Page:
In Graham v. Pocasset Manuf. Co, 220 Mass. 195, the door, through which the plaintiff was passing when injured, opened out upon a stairway.Summary of this case from Sterns v. Highland Hotel Co.
January 13, 1915.
February 23, 1915.
Present: RUGG, C.J., BRALEY, De COURCY, CROSBY, PIERCE, JJ.
Where a man, who formerly had worked in a certain mill, went there to apply to the engineer for work and by invitation entered the weave room of the mill and, after some conversation with the engineer and a weaver, started to leave the room by a door that he never had used before and which opened upon a staircase leading to a different side of the mill from the one by which he had entered, and, there being no platform at the head of these stairs but an immediate descent of seven and a half inches to the top step, he fell down the flight of stairs and was injured, in an action brought by him against the corporation maintaining the mill for his injuries thus caused, it was held, that there was no invitation to the plaintiff to leave the weave room by a different door from that by which he had entered it and that, when he attempted to leave in this way, he became a mere licensee to whom the defendant owed no duty to keep its premises safe or to warn him of their condition.
D.R. Radovsky, for the plaintiff.
F.R. Greene, for the defendant.
The plaintiff was injured by falling down a flight of stairs in the defendant's mill at Fall River. He went to the mill to apply to the defendant's overseer for work. He entered the weave room at the north or the Central Street entrance, which is practically on a level with the street. After some conversation with the overseer, the plaintiff talked with a weaver and then started to leave the mill. He went to a door on the south side of the weave room, opened the door and fell down a flight of stairs that led from the weave room on the south or Pocasset Street side of the mill. The door was on a level with the weave room floor and opened out on to the stairway. It was seven and one half inches from the weave room floor to the top riser, the tread of which was twelve inches wide; and a person in opening the door and stepping forward would step down seven and one half inches to the top step. There was no evidence that the stairway was improperly lighted, or out of repair, or in a defective condition. The plaintiff contends that the defendant was negligent in maintaining the stairway as it was constructed without warning the plaintiff as to the manner of its construction.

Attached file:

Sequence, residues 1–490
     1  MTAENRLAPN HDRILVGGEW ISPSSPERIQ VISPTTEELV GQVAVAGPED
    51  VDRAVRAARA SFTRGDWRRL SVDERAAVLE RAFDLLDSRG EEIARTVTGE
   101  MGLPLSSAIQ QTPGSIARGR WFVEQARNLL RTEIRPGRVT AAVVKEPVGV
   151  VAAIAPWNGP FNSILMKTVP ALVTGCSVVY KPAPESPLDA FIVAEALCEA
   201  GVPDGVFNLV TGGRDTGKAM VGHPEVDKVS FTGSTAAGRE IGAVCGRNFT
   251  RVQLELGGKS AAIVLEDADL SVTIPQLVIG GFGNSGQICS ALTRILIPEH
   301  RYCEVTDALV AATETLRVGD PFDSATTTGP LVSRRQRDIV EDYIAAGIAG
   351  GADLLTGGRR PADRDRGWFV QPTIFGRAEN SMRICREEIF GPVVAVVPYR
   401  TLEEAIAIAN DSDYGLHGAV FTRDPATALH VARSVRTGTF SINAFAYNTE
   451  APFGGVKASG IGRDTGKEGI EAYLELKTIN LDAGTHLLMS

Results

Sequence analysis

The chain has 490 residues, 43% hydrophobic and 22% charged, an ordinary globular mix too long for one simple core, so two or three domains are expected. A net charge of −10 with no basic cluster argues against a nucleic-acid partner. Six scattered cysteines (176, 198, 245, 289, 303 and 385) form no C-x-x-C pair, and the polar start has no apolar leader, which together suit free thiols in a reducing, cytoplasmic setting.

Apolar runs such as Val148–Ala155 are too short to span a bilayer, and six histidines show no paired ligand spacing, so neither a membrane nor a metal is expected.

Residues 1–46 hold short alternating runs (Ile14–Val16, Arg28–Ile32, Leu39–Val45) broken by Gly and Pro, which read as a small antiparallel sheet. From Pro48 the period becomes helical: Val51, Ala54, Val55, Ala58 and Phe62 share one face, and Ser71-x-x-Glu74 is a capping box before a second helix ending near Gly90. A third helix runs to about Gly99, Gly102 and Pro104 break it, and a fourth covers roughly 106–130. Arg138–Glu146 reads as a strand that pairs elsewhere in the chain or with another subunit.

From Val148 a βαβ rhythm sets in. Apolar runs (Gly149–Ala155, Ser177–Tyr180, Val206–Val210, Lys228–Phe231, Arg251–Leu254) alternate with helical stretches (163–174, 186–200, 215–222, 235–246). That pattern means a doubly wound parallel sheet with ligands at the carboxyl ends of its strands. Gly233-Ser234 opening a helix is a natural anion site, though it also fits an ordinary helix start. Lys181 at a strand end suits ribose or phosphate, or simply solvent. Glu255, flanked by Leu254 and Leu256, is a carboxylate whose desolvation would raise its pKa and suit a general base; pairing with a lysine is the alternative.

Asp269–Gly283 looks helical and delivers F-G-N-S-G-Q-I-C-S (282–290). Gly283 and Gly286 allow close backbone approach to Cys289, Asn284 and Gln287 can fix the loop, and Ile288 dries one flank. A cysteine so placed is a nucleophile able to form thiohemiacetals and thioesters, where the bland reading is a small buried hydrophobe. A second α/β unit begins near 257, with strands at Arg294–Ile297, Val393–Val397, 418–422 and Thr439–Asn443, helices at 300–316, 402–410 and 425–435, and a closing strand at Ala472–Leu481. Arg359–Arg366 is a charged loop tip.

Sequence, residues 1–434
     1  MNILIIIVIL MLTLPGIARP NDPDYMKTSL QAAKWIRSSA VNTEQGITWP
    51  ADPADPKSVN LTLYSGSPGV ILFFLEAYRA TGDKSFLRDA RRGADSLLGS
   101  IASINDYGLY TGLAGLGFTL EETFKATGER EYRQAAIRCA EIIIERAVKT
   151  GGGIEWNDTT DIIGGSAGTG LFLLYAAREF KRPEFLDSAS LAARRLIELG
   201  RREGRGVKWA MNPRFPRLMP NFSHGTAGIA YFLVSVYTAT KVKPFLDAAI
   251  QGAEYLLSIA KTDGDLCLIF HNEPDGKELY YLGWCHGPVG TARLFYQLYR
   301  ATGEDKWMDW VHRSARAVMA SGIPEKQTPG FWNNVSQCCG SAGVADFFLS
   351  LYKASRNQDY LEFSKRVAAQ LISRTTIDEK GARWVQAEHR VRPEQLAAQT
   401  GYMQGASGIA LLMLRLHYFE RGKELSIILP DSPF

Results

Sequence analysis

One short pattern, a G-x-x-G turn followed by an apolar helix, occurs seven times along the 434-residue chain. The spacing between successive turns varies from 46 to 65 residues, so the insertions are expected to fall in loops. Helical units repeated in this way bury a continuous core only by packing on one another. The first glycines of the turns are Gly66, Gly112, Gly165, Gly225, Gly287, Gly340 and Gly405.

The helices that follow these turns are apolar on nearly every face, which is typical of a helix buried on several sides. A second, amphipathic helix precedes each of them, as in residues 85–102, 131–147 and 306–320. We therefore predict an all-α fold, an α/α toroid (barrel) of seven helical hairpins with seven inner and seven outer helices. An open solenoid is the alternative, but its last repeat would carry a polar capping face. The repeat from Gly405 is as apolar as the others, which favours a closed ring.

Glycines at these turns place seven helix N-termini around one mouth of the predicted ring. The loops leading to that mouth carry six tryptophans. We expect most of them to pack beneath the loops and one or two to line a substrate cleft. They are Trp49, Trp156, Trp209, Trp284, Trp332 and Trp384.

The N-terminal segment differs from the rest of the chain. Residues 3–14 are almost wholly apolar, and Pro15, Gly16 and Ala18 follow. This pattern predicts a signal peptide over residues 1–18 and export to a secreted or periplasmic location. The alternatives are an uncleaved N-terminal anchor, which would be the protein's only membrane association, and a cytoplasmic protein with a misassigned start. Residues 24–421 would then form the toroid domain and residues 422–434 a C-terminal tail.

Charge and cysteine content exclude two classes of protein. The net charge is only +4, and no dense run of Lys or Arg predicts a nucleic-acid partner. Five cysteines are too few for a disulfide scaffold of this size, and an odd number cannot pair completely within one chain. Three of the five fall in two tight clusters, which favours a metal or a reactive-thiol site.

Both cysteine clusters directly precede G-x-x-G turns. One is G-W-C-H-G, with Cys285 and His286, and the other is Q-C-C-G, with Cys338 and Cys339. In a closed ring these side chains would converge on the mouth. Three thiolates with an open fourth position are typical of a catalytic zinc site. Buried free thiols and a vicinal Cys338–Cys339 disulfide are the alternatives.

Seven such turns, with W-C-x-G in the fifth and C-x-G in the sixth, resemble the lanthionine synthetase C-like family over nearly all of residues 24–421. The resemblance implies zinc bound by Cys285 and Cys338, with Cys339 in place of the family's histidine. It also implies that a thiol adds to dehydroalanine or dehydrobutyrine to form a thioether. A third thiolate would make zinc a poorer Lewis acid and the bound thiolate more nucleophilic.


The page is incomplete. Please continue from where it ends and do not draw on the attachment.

While there was evidence from which a finding would have been warranted that the plaintiff was rightfully in the weave room of the defendant's mill by its invitation, still the defendant was not required to make all the exits from the weave room safe for the plaintiff's use. The evidence shows that the plaintiff never had passed through the door at the head of the stairs before the time of the accident, although he had worked in the weave room for about two weeks at a period about two years before the accident. He testified that he did not know of the existence of the stairway or what was on the other side of the door, before he fell.
The defendant was not obliged to alter the original construction of its mill, but could use it in the way for which it was designed unless in so doing it exposed persons rightfully on the premises to dangers which they had no reason to anticipate. It was the duty of the plaintiff, in leaving the weave room, to pass out by means of the Central Street entrance, the entrance which he always had used in going to and from the weave room, and not to attempt to leave by an exit which he testified he knew nothing about. There was no invitation, express or implied, on the part of the defendant or its agents, to the plaintiff to leave the premises by the door on the southerly side of the weave room, and when he attempted to leave in this way he became at most a bare licensee, as to whom the defendant owed no duty to keep its premises safe.
As was said by Barker, J., in Cowen v. Kirby, 180 Mass. 504, at page 506: "If without some special invitation, express or implied, a customer sees fit to pass from that part of the establishment where it is designed and expected that he shall be into other parts not designed or adapted for his use, but for the work of the place, he becomes at best a mere licensee, as to whom the owner or occupant has no duty to keep his premises safe." Morong v. Spofford, 218 Mass. 50. McCafferty v. Lewando's French Dyeing Cleansing Co. 194 Mass. 412. Hunnewell v. Haskell, 174 Mass. 557. Pinney v. Hall, 156 Mass. 225. Gaffney v. Brown, 150 Mass. 479. See also Zoebisch v. Tarbell, 10 Allen, 385.
This case is plainly distinguishable from those where a person rightfully upon the premises of another is injured by falling upon a stairway, or other place, because of darkness. See Marston v. Reynolds, 211 Mass. 590; Faxon v. Butler, 206 Mass. 500; Wright v. Perry, 188 Mass. 268; Marwedel v. Cook, 154 Mass. 235; Currier v. Boston Music Hall Association, 135 Mass. 414.
We are of opinion that the presiding judge rightly ruled that the defendant was not negligent in maintaining its premises as shown by the evidence, or in failing to warn the plaintiff of the condition of the premises. It therefore becomes unnecessary to consider whether there was evidence to show that the plaintiff was in the exercise of due care.
The case was submitted on briefs.